e. Click on Places within United States, North Carolina [COUNTY] and a list of towns will appear.
f. Click on your town if it appears, or the location which you believe was the parish which served your town or village.
g. Click on the "Church records" topic. Click on the blue links to specific record titles.
h. Some combination of these icons will appear at the far right of the listing for the record. FHL icons.png. The magnifying glass indicates that the record is indexed. Clicking on the magnifying glass will take you to the index. Clicking on the camera will take you to an online digital copy of the records.

Consult available finding aids.[edit | edit source]

These aids generally provide lists of records that are known to exist and information on their location.

Southern Baptist Convention[edit | edit source]

Inventory of the church archives of North Carolina : sponsored by the North Carolina Historical Commission, Southern Baptist Convention:


Correspond with or visit the actual churches.[edit | edit source]

Some records are still held in the local churches. Contact the current minister to find out what records are still available.

  • Make an appointment to look at the records. Or ask the minister of the church to make a copy of the record for you.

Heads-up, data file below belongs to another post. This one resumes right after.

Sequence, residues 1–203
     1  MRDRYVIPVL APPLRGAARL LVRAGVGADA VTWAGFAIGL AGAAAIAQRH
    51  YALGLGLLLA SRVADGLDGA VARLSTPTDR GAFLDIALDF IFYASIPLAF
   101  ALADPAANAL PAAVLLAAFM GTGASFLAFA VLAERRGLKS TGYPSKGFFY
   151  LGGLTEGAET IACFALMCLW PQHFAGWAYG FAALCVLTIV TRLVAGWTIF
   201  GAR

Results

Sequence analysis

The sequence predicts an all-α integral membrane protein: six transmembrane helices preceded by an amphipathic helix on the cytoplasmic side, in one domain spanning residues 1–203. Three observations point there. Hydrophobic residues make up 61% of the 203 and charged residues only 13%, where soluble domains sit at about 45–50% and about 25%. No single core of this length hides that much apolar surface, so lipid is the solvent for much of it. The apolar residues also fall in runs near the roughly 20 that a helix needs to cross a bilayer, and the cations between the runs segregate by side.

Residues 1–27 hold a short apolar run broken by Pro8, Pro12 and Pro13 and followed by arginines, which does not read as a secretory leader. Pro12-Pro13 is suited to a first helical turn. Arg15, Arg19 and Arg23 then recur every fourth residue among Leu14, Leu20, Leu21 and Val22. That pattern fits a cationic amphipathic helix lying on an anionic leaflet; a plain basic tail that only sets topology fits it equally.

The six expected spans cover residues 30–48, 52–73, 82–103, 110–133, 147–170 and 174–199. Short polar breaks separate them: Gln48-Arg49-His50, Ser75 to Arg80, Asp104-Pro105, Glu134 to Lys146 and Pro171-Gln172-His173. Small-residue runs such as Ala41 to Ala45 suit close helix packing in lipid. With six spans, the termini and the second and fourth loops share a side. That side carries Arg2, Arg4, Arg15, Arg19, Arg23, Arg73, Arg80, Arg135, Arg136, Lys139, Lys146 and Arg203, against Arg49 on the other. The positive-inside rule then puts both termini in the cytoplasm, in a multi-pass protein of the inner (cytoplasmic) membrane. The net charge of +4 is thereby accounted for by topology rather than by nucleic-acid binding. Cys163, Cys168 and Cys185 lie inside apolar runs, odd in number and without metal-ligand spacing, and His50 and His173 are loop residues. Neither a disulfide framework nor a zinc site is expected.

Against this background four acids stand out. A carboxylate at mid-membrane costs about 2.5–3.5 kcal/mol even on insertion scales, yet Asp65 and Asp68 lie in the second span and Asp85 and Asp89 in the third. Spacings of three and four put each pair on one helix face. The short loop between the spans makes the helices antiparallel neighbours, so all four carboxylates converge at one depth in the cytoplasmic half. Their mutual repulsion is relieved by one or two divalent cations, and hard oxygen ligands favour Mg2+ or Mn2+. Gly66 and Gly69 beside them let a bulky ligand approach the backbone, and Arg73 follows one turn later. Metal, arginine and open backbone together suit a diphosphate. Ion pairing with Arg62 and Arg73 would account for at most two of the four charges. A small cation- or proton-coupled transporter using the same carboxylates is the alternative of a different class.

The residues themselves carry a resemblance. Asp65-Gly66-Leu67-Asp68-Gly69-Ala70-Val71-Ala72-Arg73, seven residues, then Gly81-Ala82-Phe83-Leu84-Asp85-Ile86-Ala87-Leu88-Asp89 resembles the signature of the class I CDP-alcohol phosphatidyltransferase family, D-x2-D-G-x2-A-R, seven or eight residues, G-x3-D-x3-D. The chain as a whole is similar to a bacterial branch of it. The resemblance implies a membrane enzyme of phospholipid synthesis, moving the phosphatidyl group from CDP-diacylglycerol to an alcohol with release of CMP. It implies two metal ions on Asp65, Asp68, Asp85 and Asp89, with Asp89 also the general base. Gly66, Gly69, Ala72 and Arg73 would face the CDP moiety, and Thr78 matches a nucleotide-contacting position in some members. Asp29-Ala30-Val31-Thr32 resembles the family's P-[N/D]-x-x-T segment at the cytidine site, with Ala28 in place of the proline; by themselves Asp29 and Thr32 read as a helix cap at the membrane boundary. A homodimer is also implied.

• To find church staff available, you might have to visit on Sunday.
  • Ask for small searches at a time, such as one birth record or a specific marriage. Never ask for "everything on a family or surname".
  • A donation ($25-$40) for their time and effort to help you would be appropriate.
  • If the church has a website, you may be able to e-mail a message.
  • See the Letter Writing Guide for Genealogy for help with composing letters.
  • Each denomination page offers an online address directory of local churches for that denomination.

Check the church records collections in archives and libraries.[edit | edit source]

Some church records have been deposited for preservation in government archives or in libraries. Watch for links to digitized, online records offered by the archives. Some archives provide research services for a fee. For others, if you cannot visit in person, you might hire a researcher.